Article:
Stout annual or short-lived perennial to 1 m; blades flat and broad, 3-12 mm wide; ligule 2.5-5 mm; panicles 10-30 cm, loosely contracted; spikelets (16-)20-30(-35) mm, 4-12-fld, strongly compressed; glumes lanceolate, acuminate, strongly keeled, the first 8-11.5 mm, 3-veined, the second 9-13 mm, 5-veined; lemmas 12-20 mm, keeled, closely overlapping, glabrous (at least below) between the 11-13 long-ciliate veins; awns to 2.5 mm, or none; palea half as long as the lemma; 2n=28, 42, 56. Native of S. Amer., widely cult. for forage in warm regions, and occasionally intr. or escaped in the s. part of our range, n. to N.Y. and Mo. (B. unioloides; B. willdenowii)
Gleason, Henry A. & Cronquist, Arthur J. 1991. Manual of vascular plants of northeastern United States and adjacent Canada. lxxv + 910 pp.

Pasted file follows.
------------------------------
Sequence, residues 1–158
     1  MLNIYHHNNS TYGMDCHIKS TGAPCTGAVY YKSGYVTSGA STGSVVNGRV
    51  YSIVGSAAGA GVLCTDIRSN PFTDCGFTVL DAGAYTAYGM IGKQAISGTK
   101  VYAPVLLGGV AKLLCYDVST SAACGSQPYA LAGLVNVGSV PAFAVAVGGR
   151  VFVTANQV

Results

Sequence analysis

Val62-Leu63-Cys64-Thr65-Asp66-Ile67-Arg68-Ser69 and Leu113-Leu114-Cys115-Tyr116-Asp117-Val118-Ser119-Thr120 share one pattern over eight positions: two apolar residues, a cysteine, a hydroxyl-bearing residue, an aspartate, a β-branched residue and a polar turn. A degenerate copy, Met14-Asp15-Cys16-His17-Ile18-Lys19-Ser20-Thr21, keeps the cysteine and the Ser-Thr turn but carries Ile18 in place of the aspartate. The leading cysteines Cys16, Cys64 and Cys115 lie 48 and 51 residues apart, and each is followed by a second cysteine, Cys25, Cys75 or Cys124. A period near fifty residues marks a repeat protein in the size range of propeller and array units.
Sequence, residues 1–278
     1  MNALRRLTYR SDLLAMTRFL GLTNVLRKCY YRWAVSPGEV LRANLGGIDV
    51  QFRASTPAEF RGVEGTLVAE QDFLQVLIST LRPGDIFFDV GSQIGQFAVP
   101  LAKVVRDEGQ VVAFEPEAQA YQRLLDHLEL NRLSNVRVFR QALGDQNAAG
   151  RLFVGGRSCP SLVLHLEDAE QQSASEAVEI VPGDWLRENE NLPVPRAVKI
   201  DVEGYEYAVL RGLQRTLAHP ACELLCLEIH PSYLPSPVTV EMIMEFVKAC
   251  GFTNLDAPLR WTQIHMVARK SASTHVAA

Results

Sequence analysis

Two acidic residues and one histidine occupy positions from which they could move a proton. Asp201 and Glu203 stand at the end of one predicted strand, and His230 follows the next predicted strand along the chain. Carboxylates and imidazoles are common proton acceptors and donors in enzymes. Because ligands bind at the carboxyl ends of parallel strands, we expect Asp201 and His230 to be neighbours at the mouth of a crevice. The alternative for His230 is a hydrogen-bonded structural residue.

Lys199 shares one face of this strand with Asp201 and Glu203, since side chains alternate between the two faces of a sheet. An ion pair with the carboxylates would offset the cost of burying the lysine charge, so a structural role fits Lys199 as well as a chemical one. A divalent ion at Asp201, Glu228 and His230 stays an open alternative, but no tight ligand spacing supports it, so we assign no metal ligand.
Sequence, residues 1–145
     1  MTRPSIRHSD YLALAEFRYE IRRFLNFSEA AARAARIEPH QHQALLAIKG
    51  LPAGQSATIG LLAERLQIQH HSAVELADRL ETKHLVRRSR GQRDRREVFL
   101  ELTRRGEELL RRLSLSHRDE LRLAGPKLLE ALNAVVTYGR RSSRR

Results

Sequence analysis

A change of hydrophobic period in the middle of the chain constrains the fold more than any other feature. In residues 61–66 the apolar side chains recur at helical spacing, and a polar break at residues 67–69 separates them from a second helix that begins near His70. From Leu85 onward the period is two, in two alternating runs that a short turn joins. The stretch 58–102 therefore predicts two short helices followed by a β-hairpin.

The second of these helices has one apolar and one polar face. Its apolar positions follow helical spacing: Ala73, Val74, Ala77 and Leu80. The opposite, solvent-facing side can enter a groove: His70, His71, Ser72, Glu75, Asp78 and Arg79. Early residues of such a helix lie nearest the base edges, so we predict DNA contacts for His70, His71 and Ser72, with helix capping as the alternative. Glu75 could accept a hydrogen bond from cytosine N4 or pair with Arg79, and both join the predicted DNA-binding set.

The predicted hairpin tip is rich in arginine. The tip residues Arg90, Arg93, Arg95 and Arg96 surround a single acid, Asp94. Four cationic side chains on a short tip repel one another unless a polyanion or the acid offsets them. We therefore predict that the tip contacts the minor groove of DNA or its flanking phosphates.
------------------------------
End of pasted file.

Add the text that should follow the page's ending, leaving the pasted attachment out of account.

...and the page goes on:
Common Name: rescuegrass Duration: Annual Nativity: Non-Native Lifeform: Graminoid General: Winter annual or biennial grass with erect to spreading stems 30-120 cm tall. Vegetative: Sheaths retrorsley soft pubescent, the hairs sometimes confined to the throat; ligules long, up to 5 mm, glabrous to pilose, irregularly toothed; auricles small; blades flat, thin, 4-30 cm long, 4-8 mm broad, usually glabrous. Inflorescence: Contracted or open panicle, erect or nodding, 9-28 cm; spikelets large, mostly 2-4 cm long and with 5-12 florets, strongly laterally compressed; first glume 3-5 nerved, second glume 7-9 nerved; lemma strongly compressed laterally, 1-2 cm long, glabrous or scabrous, often with a hyaline margin, with 9-13 raised and riblike veins, awnless or with an awn shorter than 4 mm. Ecology: Found mainly as a weed in laws, gardens, roadsides from 4,000-7,000 ft (1219-2134 m); flowers February-June. Distribution: Thought to be native to S. Amer; introduced to much of N. Amer. except the NW, midwest and e CAN; south through MEX; Europe, Africa, Australia and Asia. Notes: A variable plant in height and growth form with leaves mostly in a basal tuft. Distinguished from other bromes by the strongly flattened spikelets and lack of awns. FNA recognizes 2 varieties: material from the southwest belongs to var. catharicus, which is awnless or has short awns up to 3.5 mm; var. elatus is found in central California and has awns up to 1 cm. Ethnobotany: Seeds parched, ground into flour and used to make bread and mush; also used as fodder for livestock. Etymology: Bromus is from Greek bromo, for stinking; catharticus is from Greek katharos, pure, or kathartes, a purifier, cleanser. Synonyms: Bromus brevis, B. haenkeanus, B. unioloides, B. willdenowii, Ceratochloa cathartica, C. unioloides, C. willdenowii, Festuca unioloides Editor: SBuckley 2010, FSCoburn 2015